Deformable Organisms and Error Learning for Brain Segmentation

Abstract : Segmentation methods for medical images may not generalize well to different data sets or tasks, hampering their utility. We attempt to remedy these issues using deformable organisms to create an easily customizable segmentation plan. This plan is developed by borrowing ideas from artificial life to govern a set of deformable models that use control processes such as sensing, proactive planning, reactive behavior, and knowledge representation to segment an image. The image may have landmarks and features specific to that dataset; these may be easily incorporated into the plan. We validate this framework by creating a plan to locate the brain in 3D magnetic resonance images of the head (skull-stripping). This is important for surgical planning, understanding how diseases affect the brain, conducting longitudinal studies, registering brain data, and creating cortical surface models. Our plan dictates how deformable organisms find features in head images and cooperatively work to segment the brain. In addition, we use a method based on Adaboost to learn and correct errors in our segmentation. We tested our method on 630 T1-weighted images from healthy young adults, evaluating results using distance and overlap error metrics based on expert gold standard segmentations. We compare our segmentations with and without the error correction step; we also compare our results to three other widely used methods: BSE, BET, and the Hybrid Watershed algorithm. Our method had the least Hausdorff distance to expert segmentations on this dataset, but included slightly more non-brain voxels (false positives). Our framework captures diverse categories of information needed for skull-stripping, and produces competitive segmentations.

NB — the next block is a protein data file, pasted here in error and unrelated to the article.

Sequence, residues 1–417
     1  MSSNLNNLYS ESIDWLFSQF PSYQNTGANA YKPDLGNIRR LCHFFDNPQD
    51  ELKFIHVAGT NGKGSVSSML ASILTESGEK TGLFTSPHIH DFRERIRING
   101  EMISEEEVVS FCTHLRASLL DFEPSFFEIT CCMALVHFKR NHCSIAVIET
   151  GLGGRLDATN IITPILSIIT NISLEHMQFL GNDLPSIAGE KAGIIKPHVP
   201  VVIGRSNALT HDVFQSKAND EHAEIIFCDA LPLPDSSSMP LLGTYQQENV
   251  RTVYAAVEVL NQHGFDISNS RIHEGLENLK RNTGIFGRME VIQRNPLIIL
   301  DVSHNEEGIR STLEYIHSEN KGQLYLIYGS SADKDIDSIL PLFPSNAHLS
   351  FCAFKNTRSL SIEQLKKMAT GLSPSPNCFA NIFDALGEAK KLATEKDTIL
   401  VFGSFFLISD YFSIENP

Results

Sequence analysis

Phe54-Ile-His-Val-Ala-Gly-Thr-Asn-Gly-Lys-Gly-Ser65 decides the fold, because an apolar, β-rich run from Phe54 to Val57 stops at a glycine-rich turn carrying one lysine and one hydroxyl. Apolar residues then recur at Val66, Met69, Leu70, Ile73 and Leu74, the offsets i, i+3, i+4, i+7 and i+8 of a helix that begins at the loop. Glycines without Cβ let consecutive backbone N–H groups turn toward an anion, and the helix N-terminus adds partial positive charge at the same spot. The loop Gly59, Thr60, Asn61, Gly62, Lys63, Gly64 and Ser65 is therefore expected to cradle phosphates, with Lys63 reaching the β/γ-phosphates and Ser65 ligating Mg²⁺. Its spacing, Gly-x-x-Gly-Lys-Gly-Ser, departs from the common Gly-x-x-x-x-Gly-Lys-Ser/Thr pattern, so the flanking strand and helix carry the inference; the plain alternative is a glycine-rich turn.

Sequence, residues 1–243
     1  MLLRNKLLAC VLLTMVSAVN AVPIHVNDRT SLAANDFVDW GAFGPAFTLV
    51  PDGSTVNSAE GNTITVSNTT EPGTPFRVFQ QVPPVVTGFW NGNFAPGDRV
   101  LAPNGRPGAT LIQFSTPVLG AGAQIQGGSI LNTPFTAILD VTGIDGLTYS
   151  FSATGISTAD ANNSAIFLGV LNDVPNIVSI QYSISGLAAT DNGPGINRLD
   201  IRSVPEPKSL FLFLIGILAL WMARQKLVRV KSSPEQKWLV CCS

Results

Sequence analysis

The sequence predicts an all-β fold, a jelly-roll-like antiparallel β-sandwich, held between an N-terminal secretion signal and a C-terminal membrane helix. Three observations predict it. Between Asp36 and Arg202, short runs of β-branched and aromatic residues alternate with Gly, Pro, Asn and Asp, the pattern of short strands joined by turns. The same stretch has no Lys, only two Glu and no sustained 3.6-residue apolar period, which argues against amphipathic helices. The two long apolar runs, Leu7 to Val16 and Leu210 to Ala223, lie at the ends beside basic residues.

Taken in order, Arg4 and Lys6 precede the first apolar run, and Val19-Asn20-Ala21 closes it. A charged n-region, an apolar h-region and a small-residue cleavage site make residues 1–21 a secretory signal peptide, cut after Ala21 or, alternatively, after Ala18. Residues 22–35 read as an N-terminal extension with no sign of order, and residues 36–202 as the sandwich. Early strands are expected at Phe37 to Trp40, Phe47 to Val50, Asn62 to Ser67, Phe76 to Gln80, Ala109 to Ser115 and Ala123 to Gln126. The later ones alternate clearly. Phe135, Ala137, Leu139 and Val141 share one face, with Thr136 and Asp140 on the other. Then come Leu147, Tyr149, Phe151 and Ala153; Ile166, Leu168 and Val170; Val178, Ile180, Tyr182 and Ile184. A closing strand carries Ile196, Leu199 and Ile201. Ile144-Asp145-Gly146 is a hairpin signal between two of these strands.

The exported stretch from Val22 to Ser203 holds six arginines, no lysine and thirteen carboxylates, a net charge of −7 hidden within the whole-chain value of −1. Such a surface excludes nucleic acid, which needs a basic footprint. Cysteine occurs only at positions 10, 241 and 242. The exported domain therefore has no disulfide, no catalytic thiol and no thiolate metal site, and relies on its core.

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Communication dans un congrès
Pennec, Xavier and Joshi, Sarang and Nielsen, Mads. Proceedings of the Third International Workshop on Mathematical Foundations of Computational Anatomy - Geometrical and Statistical Methods for Modelling Biological Shape Variability, Sep 2011, Toronto, Canada. pp.135-147, 2011
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Dernière modification le : mardi 16 janvier 2018 - 17:56:01
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Gautam Prasad, Anand A. Joshi, Albert Feng, Marina Barysheva, Katie L. Mcmahon, et al.. Deformable Organisms and Error Learning for Brain Segmentation. Pennec, Xavier and Joshi, Sarang and Nielsen, Mads. Proceedings of the Third International Workshop on Mathematical Foundations of Computational Anatomy - Geometrical and Statistical Methods for Modelling Biological Shape Variability, Sep 2011, Toronto, Canada. pp.135-147, 2011. 〈inria-00624007〉

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